From the Division of Cardiology, New York Presbyterian Hospital and Weill Cornell Medical College (P.S.); Cardiac MR PET CT Program, Division of Cardiac Imaging (H.E., S.S., P.M.-H., G.M.-S., Amr Abdelbaky, U.H., A.T.) and Division of Cardiology (A.T.), Massachusetts General Hospital and Harvard Medical School, Boston; MTA-SE Cardiovascular Imaging Research Group, Semmelweis University, Budapest, Hungary (P.M.-H.); Fundacion Cardio-Infantil, Bogota, Colombia (H.M.M.); Merck and Company, Inc, Kenilworth, NJ (Achilles Alon, S.S.S.); Division of Cardiovascular Medicine, University of Cambridge, United Kingdom (J.H.F.R.); and Translational and Molecular Imaging Institute, Icahn School of Medicine at Mount Sinai, New York, NY (Z.A.F.).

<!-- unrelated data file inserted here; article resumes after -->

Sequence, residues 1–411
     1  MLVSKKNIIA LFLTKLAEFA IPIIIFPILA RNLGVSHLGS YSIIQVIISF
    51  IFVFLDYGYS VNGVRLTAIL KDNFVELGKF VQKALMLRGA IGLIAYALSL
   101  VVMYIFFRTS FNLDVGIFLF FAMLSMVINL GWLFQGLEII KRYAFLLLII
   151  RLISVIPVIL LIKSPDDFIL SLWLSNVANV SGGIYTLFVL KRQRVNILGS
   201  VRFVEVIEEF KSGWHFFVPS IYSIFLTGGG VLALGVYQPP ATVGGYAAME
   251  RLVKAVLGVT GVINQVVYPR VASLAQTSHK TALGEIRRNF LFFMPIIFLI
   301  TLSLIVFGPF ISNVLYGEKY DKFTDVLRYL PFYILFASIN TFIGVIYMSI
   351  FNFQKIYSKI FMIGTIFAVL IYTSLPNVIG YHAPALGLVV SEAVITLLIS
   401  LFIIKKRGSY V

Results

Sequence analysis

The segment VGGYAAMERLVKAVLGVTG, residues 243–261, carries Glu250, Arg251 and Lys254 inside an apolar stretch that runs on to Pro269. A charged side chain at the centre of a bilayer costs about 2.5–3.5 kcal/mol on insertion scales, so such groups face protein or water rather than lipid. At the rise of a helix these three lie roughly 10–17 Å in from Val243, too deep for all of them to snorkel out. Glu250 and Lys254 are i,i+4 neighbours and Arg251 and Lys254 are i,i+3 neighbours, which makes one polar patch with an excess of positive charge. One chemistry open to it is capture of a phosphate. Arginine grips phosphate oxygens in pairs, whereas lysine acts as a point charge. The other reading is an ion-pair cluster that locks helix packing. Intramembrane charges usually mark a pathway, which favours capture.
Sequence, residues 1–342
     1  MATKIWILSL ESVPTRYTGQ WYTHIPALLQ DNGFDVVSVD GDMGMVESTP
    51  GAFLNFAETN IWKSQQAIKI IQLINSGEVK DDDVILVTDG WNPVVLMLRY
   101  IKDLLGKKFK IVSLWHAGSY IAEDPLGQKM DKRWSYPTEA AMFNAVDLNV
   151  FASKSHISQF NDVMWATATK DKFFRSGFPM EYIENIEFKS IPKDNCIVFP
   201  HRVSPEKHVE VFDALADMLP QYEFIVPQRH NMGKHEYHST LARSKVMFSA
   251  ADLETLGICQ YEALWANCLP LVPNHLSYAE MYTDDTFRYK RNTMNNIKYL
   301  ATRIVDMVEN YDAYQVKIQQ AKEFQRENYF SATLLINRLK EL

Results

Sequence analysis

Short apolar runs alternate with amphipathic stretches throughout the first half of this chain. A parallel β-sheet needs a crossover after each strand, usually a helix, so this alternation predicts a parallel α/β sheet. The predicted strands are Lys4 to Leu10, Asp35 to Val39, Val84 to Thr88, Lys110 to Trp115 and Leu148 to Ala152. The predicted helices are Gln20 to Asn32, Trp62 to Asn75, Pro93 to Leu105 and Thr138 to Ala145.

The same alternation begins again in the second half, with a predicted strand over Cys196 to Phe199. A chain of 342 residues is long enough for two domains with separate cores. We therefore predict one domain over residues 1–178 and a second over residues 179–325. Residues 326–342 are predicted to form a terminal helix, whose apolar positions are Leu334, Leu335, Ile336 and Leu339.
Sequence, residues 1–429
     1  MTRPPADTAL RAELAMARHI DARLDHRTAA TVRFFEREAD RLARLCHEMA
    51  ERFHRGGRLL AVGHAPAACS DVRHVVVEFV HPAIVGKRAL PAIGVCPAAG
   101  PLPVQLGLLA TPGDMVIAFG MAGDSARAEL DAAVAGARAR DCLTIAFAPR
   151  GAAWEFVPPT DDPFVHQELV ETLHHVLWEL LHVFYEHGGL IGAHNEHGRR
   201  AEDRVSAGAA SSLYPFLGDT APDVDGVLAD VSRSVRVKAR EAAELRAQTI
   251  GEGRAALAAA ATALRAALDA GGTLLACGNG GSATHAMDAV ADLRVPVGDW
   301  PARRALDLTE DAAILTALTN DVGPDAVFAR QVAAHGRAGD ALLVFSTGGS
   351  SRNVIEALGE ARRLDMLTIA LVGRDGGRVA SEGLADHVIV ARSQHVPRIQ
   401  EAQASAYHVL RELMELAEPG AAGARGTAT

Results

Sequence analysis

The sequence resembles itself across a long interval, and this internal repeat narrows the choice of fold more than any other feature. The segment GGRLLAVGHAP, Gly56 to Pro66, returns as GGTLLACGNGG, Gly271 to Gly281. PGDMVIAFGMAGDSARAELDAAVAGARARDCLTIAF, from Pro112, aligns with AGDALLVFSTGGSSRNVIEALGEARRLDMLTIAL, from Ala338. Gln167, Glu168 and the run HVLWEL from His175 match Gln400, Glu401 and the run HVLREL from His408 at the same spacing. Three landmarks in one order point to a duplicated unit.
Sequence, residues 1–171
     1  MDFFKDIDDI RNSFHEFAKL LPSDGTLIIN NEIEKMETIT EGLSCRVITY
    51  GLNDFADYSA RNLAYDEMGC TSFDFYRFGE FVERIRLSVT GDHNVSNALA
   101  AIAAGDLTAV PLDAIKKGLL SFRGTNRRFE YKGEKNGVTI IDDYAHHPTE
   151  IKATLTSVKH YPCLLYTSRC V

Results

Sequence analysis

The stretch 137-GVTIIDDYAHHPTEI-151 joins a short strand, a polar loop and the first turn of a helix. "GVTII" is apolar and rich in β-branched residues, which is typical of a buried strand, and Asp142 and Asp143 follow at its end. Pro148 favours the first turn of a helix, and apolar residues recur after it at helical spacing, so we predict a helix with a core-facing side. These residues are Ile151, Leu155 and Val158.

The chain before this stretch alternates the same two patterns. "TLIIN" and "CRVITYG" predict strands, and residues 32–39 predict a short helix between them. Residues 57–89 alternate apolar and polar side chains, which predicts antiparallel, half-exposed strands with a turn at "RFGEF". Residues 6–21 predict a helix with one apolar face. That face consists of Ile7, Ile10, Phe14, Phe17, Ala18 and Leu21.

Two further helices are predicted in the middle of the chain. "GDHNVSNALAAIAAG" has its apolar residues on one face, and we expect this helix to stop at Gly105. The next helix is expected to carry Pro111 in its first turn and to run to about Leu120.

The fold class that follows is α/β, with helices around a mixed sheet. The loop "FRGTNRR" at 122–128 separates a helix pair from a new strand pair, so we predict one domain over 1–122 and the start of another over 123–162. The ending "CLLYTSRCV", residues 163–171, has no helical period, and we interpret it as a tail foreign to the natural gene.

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Background—Nonobstructive coronary plaques manifesting high-risk morphology (HRM) associate with an increased risk of adverse clinical cardiovascular events. We sought to test the hypothesis that statins have a greater anti-inflammatory effect within coronary plaques containing HRM.Methods and Results—In this prospective multicenter study, 55 subjects with or at high risk for atherosclerosis underwent 18F-fluorodeoxyglucose positron emission tomographic/computed tomographic imaging at baseline and after 12 weeks of treatment with atorvastatin. Coronary arterial inflammation (18F-fluorodeoxyglucose uptake, expressed as target-to-background ratio) was assessed in the left main coronary artery (LMCA). While blinded to the PET findings, contrast-enhanced computed tomographic angiography was performed to characterize the presence of HRM (defined as noncalcified or partially calcified plaques) in the LMCA. Arterial inflammation (target-to-background ratio) was higher in LMCA segments with HRM than those without HRM (mean±SEM: 1.95±0.43 versus 1.67±0.32 for LMCA with versus without HRM, respectively; P=0.04). Moreover, atorvastatin treatment for 12 weeks reduced target-to-background ratio more in LMCA segments with HRM than those without HRM (12 week-baseline Δtarget-to-background ratio [95% confidence interval]: −0.18 [−0.35 to −0.004] versus 0.09 [−0.06 to 0.26]; P=0.02). Furthermore, this relationship between coronary plaque morphology and change in LMCA inflammatory activity remained significant after adjusting for baseline low-density lipoprotein and statin dose (β=−0.27; P=0.038).Conclusions—In this first study to evaluate the impact of statins on coronary inflammation, we observed that the anti-inflammatory impact of statins is substantially greater within coronary plaques that contain HRM features. These findings suggest an additional mechanism by which statins disproportionately benefit individuals with more advanced atherosclerotic disease.Clinical Trial Registration—URL: http://www.clinicaltrials.gov. Unique identifier: NCT00703261.